A Juneteenth sign posted on the front door of the Harry E. Reed Insurance Agency in Millinocket, Maine, has spawned widespread internet outrage, and prompted an apology from someone connected to the business.
The window sign on Monday stated, “Juneteenth ~it’s whatever… We’re closed. Enjoy your fried chicken & collard greens.”
The purpose of the notification was to explain the reason for the business closing. The nation’s newest federal holiday, Juneteenth, has long been celebrated by black Americans in recognition of the first emancipation of enslaved people in Texas in 1865.
The person who photographed the sign, Lisa Groelly, said she recieved a call from her co-worker about it, while she was at work. She said she was in “disbelief,” and had to go to the agency to see it for herself.
“It was shocking,” she said. “I was talking to my co-worker about it, and we were really amazed at the sheer ignorance and stupidity of it.”
Groelly sent the photos to her daughter, Alura Stillwagon, who posted them to Facebook on Monday with the caption, “The racism in Millinocket is real.” Another photo of the sign blew up on the social media website Reddit, with more than 2,000 upvotes.
A woman named Melanie Higgins took responsibility for the sign in a letter posted to Facebook on Wednesday. She apologized for “any misunderstanding and hurt” caused by her “usual, snarky office closure signs and content.” Higgins, who mentioned in the letter that she is multiracial, said she understands the “severity of intolerance” and that the sign had a “seemingly flippant tone.”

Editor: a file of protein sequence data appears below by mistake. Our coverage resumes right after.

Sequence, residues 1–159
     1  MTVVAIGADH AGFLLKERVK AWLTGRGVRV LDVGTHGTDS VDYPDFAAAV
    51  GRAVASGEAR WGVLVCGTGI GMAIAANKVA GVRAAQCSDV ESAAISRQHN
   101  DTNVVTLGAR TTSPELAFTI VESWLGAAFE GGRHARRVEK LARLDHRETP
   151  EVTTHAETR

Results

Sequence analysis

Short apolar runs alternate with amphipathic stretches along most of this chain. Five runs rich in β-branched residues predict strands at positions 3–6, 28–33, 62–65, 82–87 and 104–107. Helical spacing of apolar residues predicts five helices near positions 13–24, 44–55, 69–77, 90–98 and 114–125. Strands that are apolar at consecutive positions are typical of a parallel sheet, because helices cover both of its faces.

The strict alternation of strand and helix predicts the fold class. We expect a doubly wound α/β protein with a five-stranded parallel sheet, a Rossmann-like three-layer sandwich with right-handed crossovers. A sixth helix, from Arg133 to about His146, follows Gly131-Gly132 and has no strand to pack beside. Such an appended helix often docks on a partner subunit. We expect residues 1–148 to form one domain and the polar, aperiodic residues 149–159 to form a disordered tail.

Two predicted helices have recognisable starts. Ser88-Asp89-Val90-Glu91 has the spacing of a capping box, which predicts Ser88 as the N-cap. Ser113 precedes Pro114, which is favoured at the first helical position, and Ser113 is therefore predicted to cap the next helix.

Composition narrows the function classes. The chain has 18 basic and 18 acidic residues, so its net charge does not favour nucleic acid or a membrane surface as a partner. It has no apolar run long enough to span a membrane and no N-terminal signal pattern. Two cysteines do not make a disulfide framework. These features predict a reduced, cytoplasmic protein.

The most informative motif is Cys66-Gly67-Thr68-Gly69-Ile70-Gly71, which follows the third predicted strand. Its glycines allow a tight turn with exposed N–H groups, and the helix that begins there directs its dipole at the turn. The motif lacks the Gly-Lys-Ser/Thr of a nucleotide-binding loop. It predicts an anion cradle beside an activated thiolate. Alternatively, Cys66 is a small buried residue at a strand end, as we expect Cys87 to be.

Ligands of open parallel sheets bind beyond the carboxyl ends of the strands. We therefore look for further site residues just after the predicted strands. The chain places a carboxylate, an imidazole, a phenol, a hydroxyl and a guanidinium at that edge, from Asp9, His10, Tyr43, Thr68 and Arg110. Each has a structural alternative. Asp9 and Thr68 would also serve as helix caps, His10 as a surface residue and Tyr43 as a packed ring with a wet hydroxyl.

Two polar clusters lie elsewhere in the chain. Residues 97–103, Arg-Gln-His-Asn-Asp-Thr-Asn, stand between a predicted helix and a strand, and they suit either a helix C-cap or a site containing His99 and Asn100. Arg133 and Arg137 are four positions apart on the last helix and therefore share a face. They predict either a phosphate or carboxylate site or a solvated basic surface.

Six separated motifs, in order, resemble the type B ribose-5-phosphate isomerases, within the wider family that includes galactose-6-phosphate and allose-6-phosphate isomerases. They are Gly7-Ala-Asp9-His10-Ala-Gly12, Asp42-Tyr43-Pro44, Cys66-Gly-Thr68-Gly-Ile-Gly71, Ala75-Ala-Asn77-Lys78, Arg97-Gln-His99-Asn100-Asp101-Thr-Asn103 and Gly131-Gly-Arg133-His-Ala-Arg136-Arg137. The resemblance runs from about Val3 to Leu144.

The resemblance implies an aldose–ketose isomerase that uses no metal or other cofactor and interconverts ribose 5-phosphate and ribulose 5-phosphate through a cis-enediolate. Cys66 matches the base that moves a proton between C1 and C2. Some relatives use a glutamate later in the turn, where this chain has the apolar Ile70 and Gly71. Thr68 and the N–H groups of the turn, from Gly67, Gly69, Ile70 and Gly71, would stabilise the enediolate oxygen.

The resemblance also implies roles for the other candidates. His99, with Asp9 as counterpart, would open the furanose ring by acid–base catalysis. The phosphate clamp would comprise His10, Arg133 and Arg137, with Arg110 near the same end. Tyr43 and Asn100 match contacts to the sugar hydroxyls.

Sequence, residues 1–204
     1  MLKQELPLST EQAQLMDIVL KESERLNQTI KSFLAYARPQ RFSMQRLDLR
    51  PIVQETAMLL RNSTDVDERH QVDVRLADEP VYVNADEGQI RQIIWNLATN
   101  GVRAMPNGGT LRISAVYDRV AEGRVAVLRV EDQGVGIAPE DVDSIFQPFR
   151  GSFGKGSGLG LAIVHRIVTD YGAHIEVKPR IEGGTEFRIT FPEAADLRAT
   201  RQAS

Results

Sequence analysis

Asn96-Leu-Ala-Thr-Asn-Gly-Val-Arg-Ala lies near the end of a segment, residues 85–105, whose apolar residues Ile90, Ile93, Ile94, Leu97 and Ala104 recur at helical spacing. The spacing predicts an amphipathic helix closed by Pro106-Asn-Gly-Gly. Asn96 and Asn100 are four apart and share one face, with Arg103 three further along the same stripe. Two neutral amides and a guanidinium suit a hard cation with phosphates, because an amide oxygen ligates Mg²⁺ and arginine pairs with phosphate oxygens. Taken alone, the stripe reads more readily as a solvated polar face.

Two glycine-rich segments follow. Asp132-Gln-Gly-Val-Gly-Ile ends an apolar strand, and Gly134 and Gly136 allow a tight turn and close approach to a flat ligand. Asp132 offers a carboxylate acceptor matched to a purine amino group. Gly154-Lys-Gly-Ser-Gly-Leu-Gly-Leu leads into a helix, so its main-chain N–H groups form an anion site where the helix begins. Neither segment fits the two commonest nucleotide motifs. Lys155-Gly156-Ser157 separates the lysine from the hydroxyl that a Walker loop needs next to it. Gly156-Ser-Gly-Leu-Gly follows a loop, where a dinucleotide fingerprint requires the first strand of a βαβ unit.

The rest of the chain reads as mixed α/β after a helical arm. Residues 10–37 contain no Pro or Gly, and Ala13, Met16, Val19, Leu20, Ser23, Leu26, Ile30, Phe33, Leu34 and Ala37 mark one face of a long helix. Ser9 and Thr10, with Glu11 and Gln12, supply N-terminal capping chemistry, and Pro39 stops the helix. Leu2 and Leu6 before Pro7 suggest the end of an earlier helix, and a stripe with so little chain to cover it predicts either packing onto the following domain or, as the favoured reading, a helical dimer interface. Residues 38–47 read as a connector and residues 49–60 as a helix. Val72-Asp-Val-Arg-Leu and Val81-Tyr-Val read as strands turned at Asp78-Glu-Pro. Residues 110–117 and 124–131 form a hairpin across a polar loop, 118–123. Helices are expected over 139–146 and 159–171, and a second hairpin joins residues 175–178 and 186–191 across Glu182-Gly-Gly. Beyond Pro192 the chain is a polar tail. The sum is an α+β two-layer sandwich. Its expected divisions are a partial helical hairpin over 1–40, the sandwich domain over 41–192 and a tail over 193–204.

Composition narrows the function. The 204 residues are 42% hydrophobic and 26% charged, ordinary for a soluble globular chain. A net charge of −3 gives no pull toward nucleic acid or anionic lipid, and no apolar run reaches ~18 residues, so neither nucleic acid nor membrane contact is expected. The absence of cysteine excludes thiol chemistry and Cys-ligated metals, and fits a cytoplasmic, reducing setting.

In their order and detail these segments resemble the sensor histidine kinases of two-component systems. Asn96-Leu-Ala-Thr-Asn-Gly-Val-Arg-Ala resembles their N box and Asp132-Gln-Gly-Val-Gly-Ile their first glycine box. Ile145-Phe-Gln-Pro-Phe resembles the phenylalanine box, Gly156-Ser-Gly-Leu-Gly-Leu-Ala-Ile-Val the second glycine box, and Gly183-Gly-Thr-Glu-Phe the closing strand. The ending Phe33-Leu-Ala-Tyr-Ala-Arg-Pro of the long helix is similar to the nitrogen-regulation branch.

While Higgins took accountability for the communication, she deflects away from the sign being racist in calling the response to it a “misunderstanding” and the tone of the sign “flippant.”
Amid widespread criticism of the sign, Allstate insurance terminated its relationship with the company for violating its code of conduct as well as Progressive insurance. A Progressive spokesperson said in a statement to CNBC that the company was “appalled by the sign.”
The outrage was so harsh that it prompted a different insurance agency in Maine with a similar name to issue a statement underscoring its lack of involvement with the incident.
In a statement Tuesday, the chair of the Millinocket Town Council, Steve Golieb, called any “attempt to make light of Juneteenth” and what the holiday represents “deeply saddening, disgraceful and unacceptable.”
“There is no place in the Town of Millinocket for such a blatant disregard of human decency,” Golieb said.
Equally as noteworthy as the racist sign in the agency’s window, is the one hanging above it which reads: “In God We Trust.” It is apparent that in addition to the 1.7% black residents of Maine, city officials and the agency’s former business partners, Higgins did not consider the possibility the sign might be offensive to God. How does one reconcile the decision to post a racist sign in the vicinity of one that glorifies God?